Tagged in: technology, norway, events, digital revolution, bioprinting, 3D printing
In September, Turlif spoke at TEDxTrondheim's Back to Basics. As usual, an inspirational discussion about some of the problems with current 3D modeling software, and modeling with simplified polygons, which lose some of the infinitely fine grain details of natural and real world objects. Turlif together with our team have developed a generalized and holistic approach for accurately modeling complex real world objects called Digital Materialization (DM). Using mathematics and computational power, our approach has promising applications, that go far beyond 3D printing for modeling the real world through software.
Be sure to check out the video!
Tagged in: MeshUp, gadgets, digital revolution, announcements, 3d scanning
We are happy to announce that we have teamed up with Fuel3D on their new Kickstarter campaign.
Fuel3D developed a point and shoot scanner priced under $1,000 and produces scans at a quality we are used to seeing with other hand-held scanners costing thousands of dollars! This is the first scanner to combine pre-calibrated stereo camera with photometric imaging, which explains the high resolution results. Such a scanner of course is well paired with MeshUp.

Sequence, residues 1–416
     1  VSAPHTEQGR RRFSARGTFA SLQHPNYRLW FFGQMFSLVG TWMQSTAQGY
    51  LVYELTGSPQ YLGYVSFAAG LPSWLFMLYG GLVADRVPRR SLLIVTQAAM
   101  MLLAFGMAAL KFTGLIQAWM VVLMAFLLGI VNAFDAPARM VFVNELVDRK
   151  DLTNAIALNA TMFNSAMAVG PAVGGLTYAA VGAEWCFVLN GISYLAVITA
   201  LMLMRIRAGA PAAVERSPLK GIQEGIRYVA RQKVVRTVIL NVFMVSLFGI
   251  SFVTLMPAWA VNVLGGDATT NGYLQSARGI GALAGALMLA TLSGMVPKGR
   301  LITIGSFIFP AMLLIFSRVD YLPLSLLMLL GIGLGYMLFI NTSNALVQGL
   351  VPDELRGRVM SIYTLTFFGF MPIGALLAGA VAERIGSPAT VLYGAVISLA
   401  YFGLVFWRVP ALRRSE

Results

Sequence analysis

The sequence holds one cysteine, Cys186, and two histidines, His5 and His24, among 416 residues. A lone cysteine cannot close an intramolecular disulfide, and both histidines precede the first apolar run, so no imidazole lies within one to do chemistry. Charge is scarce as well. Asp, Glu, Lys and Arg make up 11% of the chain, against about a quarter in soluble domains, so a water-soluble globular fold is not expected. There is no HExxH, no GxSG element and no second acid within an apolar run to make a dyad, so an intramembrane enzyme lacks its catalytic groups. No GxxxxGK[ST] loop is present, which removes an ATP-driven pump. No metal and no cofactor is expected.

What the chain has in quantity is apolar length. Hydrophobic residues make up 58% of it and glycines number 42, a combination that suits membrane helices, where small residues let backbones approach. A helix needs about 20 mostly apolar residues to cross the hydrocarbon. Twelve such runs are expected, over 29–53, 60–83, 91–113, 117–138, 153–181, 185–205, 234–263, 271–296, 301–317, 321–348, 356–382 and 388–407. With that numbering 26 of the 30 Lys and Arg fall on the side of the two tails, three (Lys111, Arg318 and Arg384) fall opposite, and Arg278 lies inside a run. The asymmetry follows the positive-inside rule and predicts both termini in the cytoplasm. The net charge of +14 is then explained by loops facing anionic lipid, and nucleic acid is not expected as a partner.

Which is why Uformia and Fuel3D collaborated to offer a bundled incentive: a full production scanner and a copy of MeshUp for $1090 - a limited offer to 71 more backers of Fuel3D!
Check out the video below where we use two scans from Fuel3D to demonstrate the all powerful blend union:
More videos using Fuel3D scans inside MeshUP are coming....
Tagged in: digital revolution, apps, 3D printing
3D printing continues to spread into the mainstream. Recently Staples began selling 3D printers, in addition to the "Staples Easy 3D" service where customers can upload their designs to Staples' website and then pick up their part at one of the local stores - printed on the new color Mcor Iris. Amazon less than a month ago launched its own 3D printing store.